Everything is not black and white. People could have been millionaires and easily afford kids but for whatever reason their life collapsed but they are still left with kids. should they have not had kids in the first place? Do you have kids?

  • rate this

    Comment number 32.

    Will I help? No!

    I pay my taxes and our poor, by world standands are still well off! Only when they don't have a TV, DVD, Computer and all the other luxuries as well as not going to the pub, eating out etc. and only just managing to pay their bills, would I consider them poor. I wonder how many fall into that category?
    I'll save my charitable giving to the animal charities.

  • rate this

    Comment number 31.

    Poverty at £17000pa! Tell that to the third world!

  • rate this

    Comment number 30.

    Tories = failure. They have taken us back to the Victorian Era.

  • rate this

    Comment number 29.

    Been there with the poverty myself, what helped me though is rather than shopping at sainsburys and other 'premium' supermarkets I shopped at the ones with cheep food, for example a high st frozen food retailer has 12 slices of square sausage for £1. Mechanically reclaimed probably but it WILL feed your family adequately for less than £1 a meal, useful to know when cash is tight.

  • rate this

    Comment number 28.

    As one person said, poverty is relative. *Real* poverty is out there in the world for all to see. Poverty in this country is if you don't have three phones and a plasma TV. The answer is simple - stop handing out benefits in cash and start using vouchers. That way, our town centre pub will not be packed every Thursday lunchtime with "the poor" spending their handouts.

  • rate this

    Comment number 27.

    I also think there should be checks to make sure child benefits are being used properly to feed.clothe and keep bedrooms warm for children. Not just enabling rotten parents to indulge themselves with ciggies,booze and takeaways,often after the kids are in bed without having had a proper meal themselves in the evenings.

  • rate this

    Comment number 26.

    I don't think anyone would argue that there are many children who go without. (Sometimes the parents don't know how to prepare cheaper healthy choices) but the main problem is giving parents cash will not change it. I've seen many children who look like they need a good meal walking in front of their obese parents who are too busy talking on their shiny new mobile phone to notice.

  • rate this

    Comment number 25.

    If benefits were paid in food/clothing/energy etc vouchers there is a higher liklihood that children from poorer families would not go without due to their parents wasting their benefits on cigarettes,booze,scratchcards,sky tv and football shirts.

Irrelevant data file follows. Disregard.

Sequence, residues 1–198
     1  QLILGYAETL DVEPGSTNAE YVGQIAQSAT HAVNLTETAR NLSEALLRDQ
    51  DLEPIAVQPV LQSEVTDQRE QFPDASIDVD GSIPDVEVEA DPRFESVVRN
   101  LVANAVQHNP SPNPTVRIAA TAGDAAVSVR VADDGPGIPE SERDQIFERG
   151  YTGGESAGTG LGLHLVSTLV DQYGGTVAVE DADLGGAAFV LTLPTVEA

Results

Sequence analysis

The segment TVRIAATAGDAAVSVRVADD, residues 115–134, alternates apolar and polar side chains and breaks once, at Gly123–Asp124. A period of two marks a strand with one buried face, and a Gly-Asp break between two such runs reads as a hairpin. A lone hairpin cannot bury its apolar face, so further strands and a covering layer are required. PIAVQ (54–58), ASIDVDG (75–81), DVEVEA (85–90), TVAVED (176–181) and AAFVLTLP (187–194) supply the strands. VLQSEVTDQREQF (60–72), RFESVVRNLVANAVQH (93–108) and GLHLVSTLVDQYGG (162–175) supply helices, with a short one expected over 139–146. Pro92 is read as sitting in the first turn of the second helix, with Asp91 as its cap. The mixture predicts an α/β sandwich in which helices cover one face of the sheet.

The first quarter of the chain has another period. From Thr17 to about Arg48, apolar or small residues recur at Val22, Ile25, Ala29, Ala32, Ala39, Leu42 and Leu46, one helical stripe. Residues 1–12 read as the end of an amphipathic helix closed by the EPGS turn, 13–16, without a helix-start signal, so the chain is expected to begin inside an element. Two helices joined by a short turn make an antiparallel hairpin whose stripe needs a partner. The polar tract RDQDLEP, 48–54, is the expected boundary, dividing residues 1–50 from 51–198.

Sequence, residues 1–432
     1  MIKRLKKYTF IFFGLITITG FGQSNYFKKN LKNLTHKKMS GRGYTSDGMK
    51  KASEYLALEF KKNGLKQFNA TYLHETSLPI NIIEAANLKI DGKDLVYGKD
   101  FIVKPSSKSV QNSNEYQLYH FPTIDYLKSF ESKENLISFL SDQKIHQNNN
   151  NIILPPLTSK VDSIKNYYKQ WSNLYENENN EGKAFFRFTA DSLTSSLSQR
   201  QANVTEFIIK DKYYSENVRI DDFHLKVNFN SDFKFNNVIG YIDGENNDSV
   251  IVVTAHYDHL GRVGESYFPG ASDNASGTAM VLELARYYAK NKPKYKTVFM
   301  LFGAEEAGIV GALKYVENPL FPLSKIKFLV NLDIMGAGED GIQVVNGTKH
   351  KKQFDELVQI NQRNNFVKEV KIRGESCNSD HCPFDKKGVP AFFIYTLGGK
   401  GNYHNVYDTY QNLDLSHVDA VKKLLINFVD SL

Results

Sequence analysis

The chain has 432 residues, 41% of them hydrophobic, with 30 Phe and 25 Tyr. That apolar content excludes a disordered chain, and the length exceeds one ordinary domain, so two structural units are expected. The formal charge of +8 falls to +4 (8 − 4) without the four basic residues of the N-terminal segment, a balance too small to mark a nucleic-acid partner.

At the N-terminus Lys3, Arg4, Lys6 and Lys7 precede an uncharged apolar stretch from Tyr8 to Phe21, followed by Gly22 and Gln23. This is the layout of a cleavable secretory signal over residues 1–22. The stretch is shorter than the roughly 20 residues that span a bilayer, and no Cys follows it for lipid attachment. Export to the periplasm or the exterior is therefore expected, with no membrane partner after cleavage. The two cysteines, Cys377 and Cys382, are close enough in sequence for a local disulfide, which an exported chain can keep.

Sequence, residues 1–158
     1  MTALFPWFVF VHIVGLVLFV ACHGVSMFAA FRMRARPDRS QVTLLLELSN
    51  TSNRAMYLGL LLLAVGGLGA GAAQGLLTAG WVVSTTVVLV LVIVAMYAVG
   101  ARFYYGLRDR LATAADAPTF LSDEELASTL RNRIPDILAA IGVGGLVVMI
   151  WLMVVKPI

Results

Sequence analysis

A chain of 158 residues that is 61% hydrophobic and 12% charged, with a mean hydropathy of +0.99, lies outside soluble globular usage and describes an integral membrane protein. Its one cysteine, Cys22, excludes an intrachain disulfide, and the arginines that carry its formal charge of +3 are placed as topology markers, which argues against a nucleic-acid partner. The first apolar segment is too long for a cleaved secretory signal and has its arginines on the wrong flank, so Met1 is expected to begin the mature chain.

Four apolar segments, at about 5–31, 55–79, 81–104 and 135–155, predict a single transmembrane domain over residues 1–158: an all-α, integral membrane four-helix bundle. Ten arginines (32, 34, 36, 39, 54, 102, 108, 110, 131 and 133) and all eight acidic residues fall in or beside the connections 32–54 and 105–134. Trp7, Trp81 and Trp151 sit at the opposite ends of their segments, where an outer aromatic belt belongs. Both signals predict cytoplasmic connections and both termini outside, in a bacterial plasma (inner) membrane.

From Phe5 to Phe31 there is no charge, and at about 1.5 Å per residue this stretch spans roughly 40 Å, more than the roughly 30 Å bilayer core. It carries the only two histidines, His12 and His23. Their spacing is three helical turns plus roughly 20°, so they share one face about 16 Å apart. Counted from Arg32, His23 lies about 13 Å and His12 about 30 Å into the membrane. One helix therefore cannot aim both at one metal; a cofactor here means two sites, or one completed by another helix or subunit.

There may also be an added incentive for the parents to motivate themselves to achieve more to earn real money to spend on these extras.

  • rate this

    Comment number 24.

    I think all the comments thus far reflect what we all know. Benefits and other social handouts are being spent on luxury items, and the children suffer. As @11 said, i also pay a huge tax bill every month to look after other peoples children, which really annoys me when you hear of these single mothers etc going to tanning parlours to try and attract another man and have yet more children

  • rate this

    Comment number 23.

    Read the report it's not about the idle and feckless it's because most bosses would rather drive 62 plate jag than pay a human wage

  • rate this

    Comment number 22.

    I recently watched an appeal on Tv the speaker asked for a regular £2 a month donation to help fund save a child in some parts of drought Africa The appeal showed horrendous film depicting the plight in abject poverty of skeletal looking babies and small starving children. To my mind real poverty and needs addressing How long before on this HYS will the Tories be held guilty of poverty everywhere

  • rate this

    Comment number 21.

    How much is our foreign aid budget?"

    About 4% of the Benefits budget. If £250B a year can't solve relative poverty in the UK, perhaps you could explain how taking £10B from addressing absolute poverty in the world would materially help. If £250B can't solve it why would £260B?

  • rate this

    Comment number 20.

    just a thought, how about people have children once they can afford to? If they bring a child into this world and have to skip meals why is this child not taken into care?

    Pop out a child every now and then and hold your grasping claw out for more cash. What a wonderful society we live in.

  • rate this

    Comment number 19.

    The disgraced David Lawes who is now back in Government and Jeremy Hunt given the job of destroying the NHS tell you all you need to know about what this governments reaction wil be to child poverty - THEY WILL IGNORE IT.

  • rate this

    Comment number 18.

    What a despicable repsonse from the DWP. The is no way this govt is really committed to dealing with child poverty. They see poverty as part of their "more competitve" Britain and they are ready to accept child poverty as a result of their ideological cuts.
    You need investment, in jobs, hosing, education etc to make headway on this issue, not tax cuts for the rich.

  • rate this

    Comment number 17.

    Parents may look obese, but people don't less so much weight overnight! It is also a matter of the quality of food - many cheaper foods are nutritionally poor or inadequate without more expensive supplementation. The average height of a well nourished Caucasian population historically is about 5' 10'' to 5' 11''; we are nationally short of that due to poor quality nutrition, not a calorie deficit.

  • rate this

    Comment number 16.

    Save the children playing politics.

    No difference between poverty now and 5 years ago, but Save the Children would not have played this stunt with a Labour government in power.

    Sad, very sad when children are dying of starvation in Africa and people want to play silly games.